Tangier Island, a dwindling pancake of land surrounded by the unruly waters of the Chesapeake Bay, has long existed as a curiosity for mainlanders.
Travel writers journeyed there as early as the 1800s – and a journey it has always been, without bridges or reliably calm passage – to chronicle what they have repeatedly described as place stuck in time. It was (and is) a community without cars; without telephones until the 1960s; one so isolated that its residents still talk with the brogue of their colonial ancestors.For those of us who lived elsewhere on the Bay, who knew how to pick crabs and shuck oysters well before we could drive, Tangier was the slightly mysterious, mystical center of the crabbing industry. Soft shell crabs came from there. So did many of the blue crabs whose likeness graces the flags and posters of the region, and oysters. The island was a heartbeat distant but still acknowledged, somehow essential to the lifeblood of our region.
More recently, the 1.3-square-mile island has prompted a new sort of fascination among outsiders. It is now attracting reporters because it is disappearing, widely considered to become one of the first US communities eliminated by an increasingly warmer earth. The journal Scientific Reports in 2015 published a study saying the citizens of Tangier Island “may become among the first climate change refugees in the continental USA.”
It was this report that helped attract the attention of Earl Swift, a journalist who had visited the island on assignment some 15 years earlier. Wanting to know more about what the rising waters meant for Tangier, he rented the second floor of a house on the island’s western ridge and moved in. His plan, he writes, was to “spend the six-month peeler-crabbing season, and months beyond, on Tangier – joining its watermen on their boats, absorbing its odd and longstanding customs to discern what we’d lose with its demise, and plumbing its collective anxiety about what the future holds.”
He accomplished those goals, for sure, but leaving it there would undersell Swift’s marvelous new book, Chesapeake Requiem: A Year with the Watermen on Vanishing Tangier Island. For Swift not only weaves a masterful narrative of place, people, and nature, supported by the best sort of on-the-ground, in-depth journalistic reporting. He goes further, bringing to the fore the nuance and ambiguity of Tangier, and the environmental crisis it confronts. In his hands, the erosion tearing at Tangier takes on more than its ecological meaning and becomes, as imperceptibly and definitely as the waves eating into the shoreline, a story about all of us.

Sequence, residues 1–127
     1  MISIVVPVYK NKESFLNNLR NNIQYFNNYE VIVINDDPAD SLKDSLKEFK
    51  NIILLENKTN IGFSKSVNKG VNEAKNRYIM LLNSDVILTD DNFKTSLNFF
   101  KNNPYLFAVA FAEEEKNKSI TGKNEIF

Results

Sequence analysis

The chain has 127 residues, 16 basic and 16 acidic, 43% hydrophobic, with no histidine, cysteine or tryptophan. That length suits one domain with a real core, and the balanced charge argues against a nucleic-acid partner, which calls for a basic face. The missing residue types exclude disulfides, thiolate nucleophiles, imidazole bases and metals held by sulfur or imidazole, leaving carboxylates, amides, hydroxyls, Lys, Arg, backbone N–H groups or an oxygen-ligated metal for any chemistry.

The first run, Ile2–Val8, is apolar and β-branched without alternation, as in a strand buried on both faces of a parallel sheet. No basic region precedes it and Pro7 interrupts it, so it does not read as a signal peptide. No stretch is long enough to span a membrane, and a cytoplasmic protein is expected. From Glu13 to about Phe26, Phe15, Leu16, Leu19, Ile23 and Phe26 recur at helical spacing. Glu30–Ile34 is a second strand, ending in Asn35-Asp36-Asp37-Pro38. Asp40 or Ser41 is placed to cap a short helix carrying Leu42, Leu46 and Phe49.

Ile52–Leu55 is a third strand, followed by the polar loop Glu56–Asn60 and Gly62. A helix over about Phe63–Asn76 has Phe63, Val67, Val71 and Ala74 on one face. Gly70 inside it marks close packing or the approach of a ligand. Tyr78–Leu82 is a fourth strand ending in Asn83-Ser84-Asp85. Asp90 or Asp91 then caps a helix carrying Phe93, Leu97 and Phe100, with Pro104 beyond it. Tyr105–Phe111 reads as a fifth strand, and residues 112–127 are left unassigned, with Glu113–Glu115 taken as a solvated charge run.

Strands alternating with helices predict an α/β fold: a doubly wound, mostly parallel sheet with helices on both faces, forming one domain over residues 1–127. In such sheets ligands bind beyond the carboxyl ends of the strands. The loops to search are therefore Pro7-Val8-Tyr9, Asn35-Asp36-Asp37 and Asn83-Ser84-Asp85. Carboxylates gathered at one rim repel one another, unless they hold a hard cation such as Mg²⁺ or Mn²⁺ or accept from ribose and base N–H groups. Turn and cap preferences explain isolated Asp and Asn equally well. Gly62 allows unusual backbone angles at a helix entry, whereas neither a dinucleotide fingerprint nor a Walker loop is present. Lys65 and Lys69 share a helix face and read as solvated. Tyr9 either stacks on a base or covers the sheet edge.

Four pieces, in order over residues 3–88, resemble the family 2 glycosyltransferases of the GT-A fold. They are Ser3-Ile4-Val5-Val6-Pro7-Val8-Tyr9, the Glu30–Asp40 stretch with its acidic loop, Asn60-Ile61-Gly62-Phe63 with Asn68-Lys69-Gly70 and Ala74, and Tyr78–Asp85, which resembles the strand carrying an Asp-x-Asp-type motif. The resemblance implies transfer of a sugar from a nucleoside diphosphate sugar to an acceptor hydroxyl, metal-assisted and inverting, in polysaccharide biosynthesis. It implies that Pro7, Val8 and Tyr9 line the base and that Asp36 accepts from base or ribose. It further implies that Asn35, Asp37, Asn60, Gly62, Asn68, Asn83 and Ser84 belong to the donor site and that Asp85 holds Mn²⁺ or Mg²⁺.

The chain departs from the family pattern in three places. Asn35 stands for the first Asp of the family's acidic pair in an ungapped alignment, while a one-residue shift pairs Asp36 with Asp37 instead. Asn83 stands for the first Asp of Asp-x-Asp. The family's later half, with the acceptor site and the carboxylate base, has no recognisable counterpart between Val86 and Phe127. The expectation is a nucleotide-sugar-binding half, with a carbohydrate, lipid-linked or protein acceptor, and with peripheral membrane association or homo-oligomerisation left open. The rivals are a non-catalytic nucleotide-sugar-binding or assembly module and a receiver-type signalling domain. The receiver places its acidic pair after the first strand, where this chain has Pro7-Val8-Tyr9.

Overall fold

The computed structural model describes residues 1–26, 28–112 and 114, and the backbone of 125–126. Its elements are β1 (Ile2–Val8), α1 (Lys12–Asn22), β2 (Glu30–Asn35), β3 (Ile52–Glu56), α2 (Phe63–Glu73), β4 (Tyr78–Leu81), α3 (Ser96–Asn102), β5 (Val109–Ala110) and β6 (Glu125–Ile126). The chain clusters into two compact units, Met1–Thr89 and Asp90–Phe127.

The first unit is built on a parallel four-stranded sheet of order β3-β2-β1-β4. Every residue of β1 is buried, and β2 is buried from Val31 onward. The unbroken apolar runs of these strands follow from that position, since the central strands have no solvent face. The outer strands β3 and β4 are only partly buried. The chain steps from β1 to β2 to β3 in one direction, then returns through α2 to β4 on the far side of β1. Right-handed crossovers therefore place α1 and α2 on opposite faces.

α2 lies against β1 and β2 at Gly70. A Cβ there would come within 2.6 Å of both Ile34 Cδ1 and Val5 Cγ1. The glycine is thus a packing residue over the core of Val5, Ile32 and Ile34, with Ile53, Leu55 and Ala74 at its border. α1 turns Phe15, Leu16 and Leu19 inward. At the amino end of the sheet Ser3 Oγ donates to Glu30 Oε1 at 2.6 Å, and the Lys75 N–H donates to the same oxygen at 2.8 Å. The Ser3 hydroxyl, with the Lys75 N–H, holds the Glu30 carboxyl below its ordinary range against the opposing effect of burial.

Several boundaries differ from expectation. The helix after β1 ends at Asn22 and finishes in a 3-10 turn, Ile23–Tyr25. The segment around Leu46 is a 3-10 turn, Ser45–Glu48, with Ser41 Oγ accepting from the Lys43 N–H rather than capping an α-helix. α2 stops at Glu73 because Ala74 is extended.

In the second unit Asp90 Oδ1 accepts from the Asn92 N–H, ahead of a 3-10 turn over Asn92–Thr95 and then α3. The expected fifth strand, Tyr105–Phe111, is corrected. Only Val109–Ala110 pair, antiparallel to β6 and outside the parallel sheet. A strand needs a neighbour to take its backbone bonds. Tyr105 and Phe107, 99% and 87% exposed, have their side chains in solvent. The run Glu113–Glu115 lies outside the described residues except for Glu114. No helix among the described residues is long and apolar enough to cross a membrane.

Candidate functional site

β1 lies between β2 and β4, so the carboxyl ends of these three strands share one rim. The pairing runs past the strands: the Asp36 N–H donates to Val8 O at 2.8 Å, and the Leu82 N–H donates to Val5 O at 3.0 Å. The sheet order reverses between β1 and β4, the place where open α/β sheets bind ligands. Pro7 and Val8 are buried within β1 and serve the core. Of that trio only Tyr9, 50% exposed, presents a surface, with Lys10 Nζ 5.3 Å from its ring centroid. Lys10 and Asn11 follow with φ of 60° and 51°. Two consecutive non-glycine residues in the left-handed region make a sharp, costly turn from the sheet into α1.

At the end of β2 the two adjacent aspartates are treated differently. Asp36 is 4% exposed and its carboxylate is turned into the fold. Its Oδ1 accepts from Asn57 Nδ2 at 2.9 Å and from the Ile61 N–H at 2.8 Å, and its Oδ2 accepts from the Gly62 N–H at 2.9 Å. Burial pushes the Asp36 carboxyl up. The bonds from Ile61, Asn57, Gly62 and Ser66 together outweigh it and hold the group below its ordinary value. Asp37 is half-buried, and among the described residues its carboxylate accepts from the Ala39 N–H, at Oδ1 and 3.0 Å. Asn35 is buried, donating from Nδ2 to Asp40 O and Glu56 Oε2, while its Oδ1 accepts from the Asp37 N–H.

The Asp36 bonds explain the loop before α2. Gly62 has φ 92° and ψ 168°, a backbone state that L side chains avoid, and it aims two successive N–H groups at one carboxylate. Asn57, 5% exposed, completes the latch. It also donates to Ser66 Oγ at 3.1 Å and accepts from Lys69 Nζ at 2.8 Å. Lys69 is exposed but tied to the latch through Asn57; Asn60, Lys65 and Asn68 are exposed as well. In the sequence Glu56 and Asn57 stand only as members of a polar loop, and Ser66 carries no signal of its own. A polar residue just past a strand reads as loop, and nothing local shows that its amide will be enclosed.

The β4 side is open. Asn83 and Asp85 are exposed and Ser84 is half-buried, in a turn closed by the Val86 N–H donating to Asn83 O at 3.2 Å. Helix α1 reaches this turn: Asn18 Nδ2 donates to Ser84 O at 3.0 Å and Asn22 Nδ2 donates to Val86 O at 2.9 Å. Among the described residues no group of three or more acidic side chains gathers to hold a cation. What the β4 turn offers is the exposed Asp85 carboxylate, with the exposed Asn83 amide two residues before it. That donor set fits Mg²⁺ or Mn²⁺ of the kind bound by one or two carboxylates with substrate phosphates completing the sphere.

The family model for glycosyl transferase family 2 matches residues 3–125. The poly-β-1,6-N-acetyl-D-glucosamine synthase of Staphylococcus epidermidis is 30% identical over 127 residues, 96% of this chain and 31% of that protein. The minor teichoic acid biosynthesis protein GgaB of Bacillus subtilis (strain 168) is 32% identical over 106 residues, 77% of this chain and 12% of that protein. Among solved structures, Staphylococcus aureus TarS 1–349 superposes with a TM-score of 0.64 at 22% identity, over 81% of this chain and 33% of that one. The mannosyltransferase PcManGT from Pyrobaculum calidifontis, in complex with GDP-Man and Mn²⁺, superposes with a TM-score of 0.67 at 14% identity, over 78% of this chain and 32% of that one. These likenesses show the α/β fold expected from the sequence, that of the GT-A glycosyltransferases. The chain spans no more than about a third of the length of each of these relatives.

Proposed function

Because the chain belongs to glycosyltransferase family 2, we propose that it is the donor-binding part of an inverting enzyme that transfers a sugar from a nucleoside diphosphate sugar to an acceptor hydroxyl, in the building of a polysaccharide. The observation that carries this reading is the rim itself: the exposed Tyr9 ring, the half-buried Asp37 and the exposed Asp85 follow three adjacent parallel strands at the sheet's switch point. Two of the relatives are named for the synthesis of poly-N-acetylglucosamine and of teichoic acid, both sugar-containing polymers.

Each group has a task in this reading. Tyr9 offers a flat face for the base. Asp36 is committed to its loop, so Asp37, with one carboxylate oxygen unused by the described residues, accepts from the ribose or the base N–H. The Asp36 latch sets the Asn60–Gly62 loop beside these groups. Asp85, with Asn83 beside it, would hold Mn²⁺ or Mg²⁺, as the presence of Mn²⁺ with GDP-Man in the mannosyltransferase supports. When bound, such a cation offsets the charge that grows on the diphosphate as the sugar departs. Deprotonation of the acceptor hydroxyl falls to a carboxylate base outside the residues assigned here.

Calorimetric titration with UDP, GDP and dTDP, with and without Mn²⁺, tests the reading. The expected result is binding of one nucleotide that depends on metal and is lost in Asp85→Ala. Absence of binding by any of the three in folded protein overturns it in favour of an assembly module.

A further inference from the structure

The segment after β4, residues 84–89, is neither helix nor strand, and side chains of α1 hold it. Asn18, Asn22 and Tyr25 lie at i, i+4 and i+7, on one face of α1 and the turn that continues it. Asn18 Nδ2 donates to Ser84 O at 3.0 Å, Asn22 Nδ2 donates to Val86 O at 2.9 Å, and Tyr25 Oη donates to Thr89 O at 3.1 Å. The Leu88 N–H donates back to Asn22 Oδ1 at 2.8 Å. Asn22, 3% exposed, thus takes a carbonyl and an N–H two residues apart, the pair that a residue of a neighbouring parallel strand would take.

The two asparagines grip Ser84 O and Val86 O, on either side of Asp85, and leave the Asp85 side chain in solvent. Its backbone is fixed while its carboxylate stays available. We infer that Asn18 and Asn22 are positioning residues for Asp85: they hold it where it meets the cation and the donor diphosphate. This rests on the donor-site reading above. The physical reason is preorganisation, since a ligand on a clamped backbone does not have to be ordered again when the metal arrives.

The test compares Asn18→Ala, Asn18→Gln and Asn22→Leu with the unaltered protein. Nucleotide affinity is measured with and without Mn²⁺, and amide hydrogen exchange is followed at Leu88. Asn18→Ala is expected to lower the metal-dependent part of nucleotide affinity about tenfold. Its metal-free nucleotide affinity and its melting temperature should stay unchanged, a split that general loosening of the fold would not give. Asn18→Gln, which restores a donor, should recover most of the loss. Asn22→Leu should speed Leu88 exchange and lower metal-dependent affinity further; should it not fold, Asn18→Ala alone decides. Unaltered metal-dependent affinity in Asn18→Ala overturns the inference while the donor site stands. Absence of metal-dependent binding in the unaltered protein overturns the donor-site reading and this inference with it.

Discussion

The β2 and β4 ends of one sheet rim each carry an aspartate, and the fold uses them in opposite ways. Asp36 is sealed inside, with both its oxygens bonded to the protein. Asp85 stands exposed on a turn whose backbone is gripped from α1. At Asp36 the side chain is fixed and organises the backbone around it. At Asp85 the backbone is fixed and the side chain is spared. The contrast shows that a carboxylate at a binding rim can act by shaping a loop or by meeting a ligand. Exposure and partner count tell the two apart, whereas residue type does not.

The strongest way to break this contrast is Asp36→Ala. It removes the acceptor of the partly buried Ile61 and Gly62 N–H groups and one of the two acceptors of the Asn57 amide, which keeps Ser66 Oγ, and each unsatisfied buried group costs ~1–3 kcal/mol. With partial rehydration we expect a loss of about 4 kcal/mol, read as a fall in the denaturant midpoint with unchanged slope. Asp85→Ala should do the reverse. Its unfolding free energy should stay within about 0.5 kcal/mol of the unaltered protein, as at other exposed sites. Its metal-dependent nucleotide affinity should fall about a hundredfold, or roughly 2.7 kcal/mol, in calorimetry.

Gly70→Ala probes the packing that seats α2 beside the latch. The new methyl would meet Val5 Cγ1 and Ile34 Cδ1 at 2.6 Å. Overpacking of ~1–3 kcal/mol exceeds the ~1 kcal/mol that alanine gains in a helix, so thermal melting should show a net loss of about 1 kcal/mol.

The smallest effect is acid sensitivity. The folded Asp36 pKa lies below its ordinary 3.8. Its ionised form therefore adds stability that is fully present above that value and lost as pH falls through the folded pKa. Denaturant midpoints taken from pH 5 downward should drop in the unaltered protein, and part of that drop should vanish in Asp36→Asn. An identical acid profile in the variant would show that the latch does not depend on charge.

“In the vast sea of styles and experience that constitute American culture, Tangier is an island both literal and metaphorical,” he writes near the end of the book “We must decide whether such cultural outliers are as worthy as salvation as the mainstream, whether a circle’s circumference is as essential as the middle.”
By then the reader has met, and come to love, characters such as Ooker (nobody calls him by his given name, James Wyatt Eskridge), a lifelong waterman and the mayor of Tangier, a man who spends his days on boats, feeds stray cats, marvels at the beauty of sea birds and believes, like most Tangiermen, that climate change is bogus. We have gone to church, and onto crabbing vessels pre dawn into the shockingly tempestuous Chesapeake – the two central activities of Tangier. We have come back to shore to sit in the “Situation Room” with the island’s old guard who drink coffee out of styrofoam cups and talk about how the wind is blowing, or whether the crabs have gotten too savvy. We have been there when the island’s residents are bitterly disappointed by those within their community, and when the town mobilizes to save one of its own, exhibiting the sort of bravery and loyalty that today seems like its own sort of fairy tale.
After all of this, the answer to Swift’s rhetorical question may remain intellectually challenging, but it feels emotionally clear. This is because in “Chesapeake Requiem,” Swift does what only the best environmental writers can do. He reveals the complications and multiple storylines that underly an environmental crisis. And he builds compassion and connection, if not complete understanding, between readers and those who see the world quite differently.